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Flow

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Flow

Time flies when you're having fun! We have all probably used this phrase before, after a basketball game, musical performance, or even after a simple task like gardening. However, what is it that makes an activity so enjoyable that we are entirely in the moment to the point that we lose our sense of time? This experience is referred to as flow.

  • What is flow?
  • What are benefits of flow in psychology?
  • What is flow therapy?
  • What are examples of flow in psychology?

Definition of Flow in Psychology

We’ve all probably experienced flow at some point in our lives. Have you ever felt like you were in the zone on a school paper or felt this way at the game against your school rival? Initially coined by Mihaly Csikszentmihalyi, flow is often described similarly, regardless of the task and age, class, gender, or culture.

Flow is the state in which a person is fully attentive to a task, functioning at their fullest capacity, and unaware of themselves or anything other than the task at hand.

This experience is highly enjoyable and often intrinsically motivated or autotelic.

Autotelic refers to an activity a person does that is rewarding in and of itself. In other words, someone completes the task for the enjoyment of it.

Conditions for Entering Flow

There are several conditions required for a person to enter a flow state.

  • First, one must set clear goals. These goals aid in structuring the activity to optimize attention and focus. It also adds more direction and purpose to the task at hand.
  • The second condition for entering flow is a balance between perceived skills and perceived challenges. The challenge of a task is what makes it fun and exciting. However, if it becomes too difficult and overwhelms our skills, we become anxious and fall out of the flow. On the other hand, if the task is not challenging enough, we become bored and disinterested in completing it. The balance between challenges and skills while in a state of flow is delicate and cannot lean one way or another.
  • The third condition for entering flow is immediate feedback. A key element to experiencing flow is that each moment informs and motivates the next. This type of motivation is called emergent motivation.

Emergent motivation is when each moment responds to what happened immediately before, rather than a preexisting state within a person or environment.

Activities with a clear goal and immediate feedback, such as sports or games, have a higher likelihood of reaching flow, but it can still be achieved with other activities.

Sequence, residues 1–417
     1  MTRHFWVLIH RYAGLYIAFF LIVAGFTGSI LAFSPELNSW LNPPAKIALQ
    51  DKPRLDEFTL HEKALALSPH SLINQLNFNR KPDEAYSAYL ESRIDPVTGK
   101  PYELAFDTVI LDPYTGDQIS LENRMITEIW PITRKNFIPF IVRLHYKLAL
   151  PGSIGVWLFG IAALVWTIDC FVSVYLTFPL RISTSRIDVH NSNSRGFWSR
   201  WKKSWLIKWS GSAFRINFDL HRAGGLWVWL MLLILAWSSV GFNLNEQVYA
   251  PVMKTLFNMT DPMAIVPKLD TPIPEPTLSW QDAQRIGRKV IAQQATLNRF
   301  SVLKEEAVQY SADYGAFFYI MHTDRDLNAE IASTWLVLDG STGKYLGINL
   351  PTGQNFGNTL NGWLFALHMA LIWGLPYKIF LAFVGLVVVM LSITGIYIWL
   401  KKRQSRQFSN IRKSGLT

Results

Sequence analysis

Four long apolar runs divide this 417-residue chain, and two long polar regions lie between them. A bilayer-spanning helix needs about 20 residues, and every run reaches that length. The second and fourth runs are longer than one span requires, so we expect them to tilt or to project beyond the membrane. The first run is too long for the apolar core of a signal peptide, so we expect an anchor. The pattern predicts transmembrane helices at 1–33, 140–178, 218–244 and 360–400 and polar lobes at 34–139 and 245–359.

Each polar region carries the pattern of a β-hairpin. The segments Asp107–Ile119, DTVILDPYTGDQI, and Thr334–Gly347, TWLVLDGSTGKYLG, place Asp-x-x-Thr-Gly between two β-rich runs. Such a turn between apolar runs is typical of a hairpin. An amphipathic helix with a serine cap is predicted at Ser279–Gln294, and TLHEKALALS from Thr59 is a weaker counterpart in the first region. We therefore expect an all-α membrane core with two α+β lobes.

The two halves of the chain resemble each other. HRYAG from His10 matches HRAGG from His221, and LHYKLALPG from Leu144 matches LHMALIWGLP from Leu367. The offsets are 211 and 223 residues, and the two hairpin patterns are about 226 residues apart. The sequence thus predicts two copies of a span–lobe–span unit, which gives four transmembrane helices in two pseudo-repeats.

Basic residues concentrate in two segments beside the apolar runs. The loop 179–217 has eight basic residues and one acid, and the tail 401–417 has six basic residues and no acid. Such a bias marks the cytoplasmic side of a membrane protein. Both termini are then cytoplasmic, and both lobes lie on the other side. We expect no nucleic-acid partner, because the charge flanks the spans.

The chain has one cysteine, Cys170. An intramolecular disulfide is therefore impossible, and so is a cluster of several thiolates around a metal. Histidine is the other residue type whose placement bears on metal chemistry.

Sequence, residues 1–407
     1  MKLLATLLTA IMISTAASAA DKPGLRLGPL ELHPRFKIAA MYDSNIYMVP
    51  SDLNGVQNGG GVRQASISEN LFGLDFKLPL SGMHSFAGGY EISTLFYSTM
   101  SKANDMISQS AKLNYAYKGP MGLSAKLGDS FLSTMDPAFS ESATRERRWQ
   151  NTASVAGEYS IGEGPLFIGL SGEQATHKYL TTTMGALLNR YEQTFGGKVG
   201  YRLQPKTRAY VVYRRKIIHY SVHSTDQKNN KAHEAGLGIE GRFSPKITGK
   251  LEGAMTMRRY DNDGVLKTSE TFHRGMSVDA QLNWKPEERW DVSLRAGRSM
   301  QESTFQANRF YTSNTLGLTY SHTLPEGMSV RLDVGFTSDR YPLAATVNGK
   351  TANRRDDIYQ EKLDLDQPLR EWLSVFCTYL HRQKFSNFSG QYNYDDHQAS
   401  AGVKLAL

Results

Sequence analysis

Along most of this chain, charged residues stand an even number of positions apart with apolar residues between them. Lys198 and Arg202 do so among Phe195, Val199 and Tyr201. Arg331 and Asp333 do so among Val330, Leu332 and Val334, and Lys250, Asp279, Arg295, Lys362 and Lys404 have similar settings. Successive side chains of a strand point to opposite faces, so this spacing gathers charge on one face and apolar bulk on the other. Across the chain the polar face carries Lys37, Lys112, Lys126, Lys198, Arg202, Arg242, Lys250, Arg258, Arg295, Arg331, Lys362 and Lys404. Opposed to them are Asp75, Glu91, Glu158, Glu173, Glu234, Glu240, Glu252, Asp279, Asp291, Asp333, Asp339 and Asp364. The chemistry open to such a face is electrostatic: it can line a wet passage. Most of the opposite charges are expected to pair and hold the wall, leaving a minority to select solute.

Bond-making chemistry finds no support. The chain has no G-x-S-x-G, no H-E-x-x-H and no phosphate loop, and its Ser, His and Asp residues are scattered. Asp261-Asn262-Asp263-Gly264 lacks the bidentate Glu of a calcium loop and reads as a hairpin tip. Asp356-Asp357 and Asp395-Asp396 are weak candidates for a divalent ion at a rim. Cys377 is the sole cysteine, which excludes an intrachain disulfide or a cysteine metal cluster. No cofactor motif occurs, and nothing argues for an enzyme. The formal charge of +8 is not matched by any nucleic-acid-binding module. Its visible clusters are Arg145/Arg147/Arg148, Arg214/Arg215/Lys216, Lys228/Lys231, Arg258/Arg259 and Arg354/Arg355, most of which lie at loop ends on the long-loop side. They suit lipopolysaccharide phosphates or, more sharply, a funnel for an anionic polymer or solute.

Flow Scoreboard and Flow StudySmarterA scoreboard represents the emergent motivation of playing sports. Pixabay.com

Characteristics of Entering Flow

During Csikscentmihalyi’s studies, several subjects would report very similar experiences while in the flow. As a result, he was able to identify common characteristics of flow.

Experiences

  • Many reported a merging of action and awareness while in the flow. In other words, a person experiences a loss of self-consciousness with virtually no divide between them and the activity. One feels a part of the task they are completing.

  • The second characteristic of flow is a sense of control. Or, more accurately, a decreased worry about losing control. According to Csikscentmihalyi (2014), worrying about whether we will succeed or not "is one of the major sources of psychic entropy in everyday life, and its reduction during flow is one of the reasons such an experience becomes enjoyable and thus rewarding" (p. 231). While in a flow state, a person feels confident that no matter what situation or challenge comes up, they will be prepared to handle it.

  • The final common characteristic of flow is an altered sense of time. While in a flow state, a person is intensely focused on the present moment and the task at hand. This results in a distorted temporal experience where time seems to pass faster than usual. In some situations, such as sports, a person must be aware of time. However, this is not a consequence of boredom but rather a challenge that must be overcome while in the flow.

Concept of Flow in Positive Psychology

Researchers in this field of study focus on what improves a person's overall well-being, contentment, hope, optimism, creativity, courage, spirituality, and perseverance. Positive psychologists are interested in the flow because it is the point at which a person is experiencing peak satisfaction and enjoyment while fully in the present moment. Flow theory suggests that the complete absorption in what one does characterizes a good life.

In positive psychology, the focus is on what constitutes a good life. In other words, what makes people happy.

For example, one of the characteristics of flow is a loss of self-awareness. Carver and Scheier (1981) found that self-awareness forces a person to be aware of depressing inadequacies and discrepancies between a person's actual and ideal state. In other words, when we recognize that who we are is not who we want to be, this produces negative feelings. This could explain why flow is a highly rewarding experience because by being less aware of ourselves, we are less likely to experience these negative emotions.

Happiness and fulfillment